- Stardate 4020.8
- The Klingons are doing so well in the war that they have time to conquer the Great Nebula Area of Orion. (In-story)
- Stardate 4150.0
- Spock One locks himself in the Medical Lab. He refuses to come out until the other Spock is dead. (In-story)
- Stardate 4181.6
- The Enterprise explains the current situation to Starfleet Command and destroys a group of Klingon ships. (In-story)
- Stardate 4194.6
- The Enterprise fails to find Spock One, who escapes in a stolen shuttlecraft. (In-story)
- Stardate 4196.2
- The Enterprise receives a response from Starfleet Command which they choose to ignore. (In-story)
- Stardate 4198.0
- The Enterprise decides to transport an away team down to the surface of Organia to end the war. (In-story)
- Stardate 4200.9
- The landing party is delayed by the Spock fighting Spock One on the surface of Organia. (In-story)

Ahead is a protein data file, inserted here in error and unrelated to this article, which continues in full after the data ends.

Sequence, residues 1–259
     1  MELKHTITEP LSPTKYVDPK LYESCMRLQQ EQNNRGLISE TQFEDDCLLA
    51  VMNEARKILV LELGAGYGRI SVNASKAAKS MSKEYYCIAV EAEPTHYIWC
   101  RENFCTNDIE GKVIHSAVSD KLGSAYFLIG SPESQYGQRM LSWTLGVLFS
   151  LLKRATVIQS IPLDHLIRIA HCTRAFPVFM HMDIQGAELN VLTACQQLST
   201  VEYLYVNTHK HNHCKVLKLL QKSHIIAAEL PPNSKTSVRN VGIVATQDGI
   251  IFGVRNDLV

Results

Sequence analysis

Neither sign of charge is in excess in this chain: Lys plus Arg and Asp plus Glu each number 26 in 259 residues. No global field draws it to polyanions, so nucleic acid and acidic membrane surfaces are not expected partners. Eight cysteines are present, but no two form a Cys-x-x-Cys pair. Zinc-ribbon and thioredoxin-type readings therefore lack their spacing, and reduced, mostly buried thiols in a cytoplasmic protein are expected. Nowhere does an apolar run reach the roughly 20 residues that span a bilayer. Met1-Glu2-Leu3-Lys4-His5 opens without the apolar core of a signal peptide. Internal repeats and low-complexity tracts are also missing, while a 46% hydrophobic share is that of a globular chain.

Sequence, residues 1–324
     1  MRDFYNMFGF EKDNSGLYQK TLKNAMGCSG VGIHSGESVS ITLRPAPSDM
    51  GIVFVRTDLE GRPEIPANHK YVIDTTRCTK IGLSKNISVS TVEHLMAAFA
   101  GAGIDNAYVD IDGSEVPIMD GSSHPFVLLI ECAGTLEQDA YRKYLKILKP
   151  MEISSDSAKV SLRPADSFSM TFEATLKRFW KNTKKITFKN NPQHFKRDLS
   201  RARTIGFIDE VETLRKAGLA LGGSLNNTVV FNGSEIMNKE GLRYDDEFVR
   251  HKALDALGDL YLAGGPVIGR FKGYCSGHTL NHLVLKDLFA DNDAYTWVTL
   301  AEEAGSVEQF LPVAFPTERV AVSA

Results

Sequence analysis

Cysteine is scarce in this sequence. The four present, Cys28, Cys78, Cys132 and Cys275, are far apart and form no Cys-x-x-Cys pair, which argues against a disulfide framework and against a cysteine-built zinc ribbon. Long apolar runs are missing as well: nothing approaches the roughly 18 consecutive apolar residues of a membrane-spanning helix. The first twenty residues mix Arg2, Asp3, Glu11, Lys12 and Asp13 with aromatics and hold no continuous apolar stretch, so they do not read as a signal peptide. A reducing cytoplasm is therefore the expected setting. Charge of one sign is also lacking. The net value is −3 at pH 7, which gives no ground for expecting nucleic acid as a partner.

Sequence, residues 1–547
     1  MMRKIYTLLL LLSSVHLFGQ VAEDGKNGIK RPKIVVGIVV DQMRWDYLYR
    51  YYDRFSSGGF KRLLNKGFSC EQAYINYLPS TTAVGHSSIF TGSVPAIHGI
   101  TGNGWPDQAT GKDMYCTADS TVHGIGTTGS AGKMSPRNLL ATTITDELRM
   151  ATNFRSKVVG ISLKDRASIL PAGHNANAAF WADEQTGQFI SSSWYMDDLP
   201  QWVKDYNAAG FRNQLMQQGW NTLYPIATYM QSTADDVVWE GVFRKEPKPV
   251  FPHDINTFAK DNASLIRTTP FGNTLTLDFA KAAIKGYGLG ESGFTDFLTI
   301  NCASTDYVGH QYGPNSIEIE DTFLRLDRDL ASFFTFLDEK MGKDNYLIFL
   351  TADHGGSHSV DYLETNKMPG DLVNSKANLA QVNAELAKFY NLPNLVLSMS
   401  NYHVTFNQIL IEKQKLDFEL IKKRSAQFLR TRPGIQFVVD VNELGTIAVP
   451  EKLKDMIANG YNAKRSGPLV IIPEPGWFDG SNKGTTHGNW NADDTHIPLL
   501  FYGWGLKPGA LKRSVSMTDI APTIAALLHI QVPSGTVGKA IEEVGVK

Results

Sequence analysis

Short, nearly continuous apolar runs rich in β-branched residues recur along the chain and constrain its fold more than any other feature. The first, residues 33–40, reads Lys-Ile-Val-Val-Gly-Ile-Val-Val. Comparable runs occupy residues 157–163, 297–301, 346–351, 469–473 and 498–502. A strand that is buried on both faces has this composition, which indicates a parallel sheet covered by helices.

- Stardate 4201.6
- The landing party reach the Organians and begin to formulate a plan. The Enterprise withdraws toward Federation space, but is surrounded by Klingon ships. (In-story)
- Stardate 4205.5
- The Enterprise continues on her mission. (In-story)
Appendices[edit | edit source]
Related media[edit | edit source]
- TOS episode: "Errand of Mercy"
- TOS episode: "Amok Time"
- TOS episode: "The Last Gunfight"
- TOS episode: "Balance of Terror"
- TOS episode: "The Trouble with Tribbles"
Collections[edit | edit source]
Background[edit | edit source]
- Spock Must Die! is the first original Star Trek novel in a series. The only previous publication to this besides the initial books of the Star Trek 1 novelization series was the stand-alone young-adult novel Mission to Horatius.
Images[edit | edit source]
Connections[edit | edit source]
Timeline[edit | edit source]
Mission to Horatius
|TOS unnumbered novels||Next novel:|
Star Trek: The New Voyages
Book of Fulfillment
Publication history[edit | edit source]
- 1970, January: Original Bantam Books edition with photomontage cover depicting Spock, mirrored.
- 1980s: Bantam Books reprints. Cover by Bob Larkin featuring Captain Kirk confronted by two Spocks. This cover was done in couple different layout styles.
- 1999: Bantam Books Del Rey reprint. Cover by Kazuhiko Sano featuring Klingon battlecruisers.